647-50 FINGERPRINT AND RFID READER
12 October 2009
Keeping the bad apples away from your business with the ProxNet 647-50
In a world where workplace crime is spiralling, business owners are becoming increasingly desperate to find ways of separating the good apples from the bad.
“Gone are the days when it was the norm for strangers to enter the workplace,” says Rory Webber, national sales manager for Elvey Security Technologies. “Allowing unauthorised access to one’s premises militates against good risk management policy in today’s world.”
The solution is far simpler and more cost effective than one would think, he says. “Thanks to cutting-edge developments in biometric technology, security architects are incorporating it into workplaces the world over. Why? Because it is the most secure and convenient authentication tool available on the market today owing to the fact that personal biometrics cannot be borrowed, stolen, forgotten or forged.”
Leading the field, according to Elvey’s product manager Valerie Bingham, is GSC System’s ProxNet 647-50 fingerprint and RFID reader. She explains: “This unique new product makes it possible to implement control access into any building. It does so by verifying users’ fingerprints and then sending their associated card or individual numbers to the ProxNet/ ProxNetPro system for validation. Acceptance or rejection is then indicated by a multi-coloured LED (Light Emitting Diode).”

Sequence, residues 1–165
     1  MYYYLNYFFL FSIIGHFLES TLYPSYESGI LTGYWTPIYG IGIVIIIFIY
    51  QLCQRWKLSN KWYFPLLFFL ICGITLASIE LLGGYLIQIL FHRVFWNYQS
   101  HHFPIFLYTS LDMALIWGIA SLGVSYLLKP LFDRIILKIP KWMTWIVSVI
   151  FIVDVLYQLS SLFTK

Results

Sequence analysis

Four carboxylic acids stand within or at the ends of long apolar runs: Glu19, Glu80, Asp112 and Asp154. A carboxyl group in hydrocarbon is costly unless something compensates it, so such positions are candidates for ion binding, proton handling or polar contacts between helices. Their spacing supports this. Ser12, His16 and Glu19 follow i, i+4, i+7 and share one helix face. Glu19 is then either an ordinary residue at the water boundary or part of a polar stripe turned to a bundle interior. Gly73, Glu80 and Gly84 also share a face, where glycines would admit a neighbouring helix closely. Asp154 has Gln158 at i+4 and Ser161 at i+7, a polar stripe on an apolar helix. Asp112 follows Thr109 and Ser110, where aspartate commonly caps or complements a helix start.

Available in two models, the 647-50 RFID card and fingerprint is designed for large applications requiring up to 5 000 users, while the 647-50 fingerprint can support up to 600 templates.
Fingerprint enrolment is achieved through the use of template management software which is simply connected to the enrolment PC. The 647-50 requires a separate connection for the template management with the link being either the RS-232 or the RS-485. It runs on a Windows (2000/XP/Vista) operating system though not necessarily on the computer that runs the ProxNet or ProxNetPro systems.
Another impressive feature is that templates created and used on one unit may be transferred in their entirety or selectively uploaded to other units on the network, thereby making it possible to grant restricted access to specified personnel.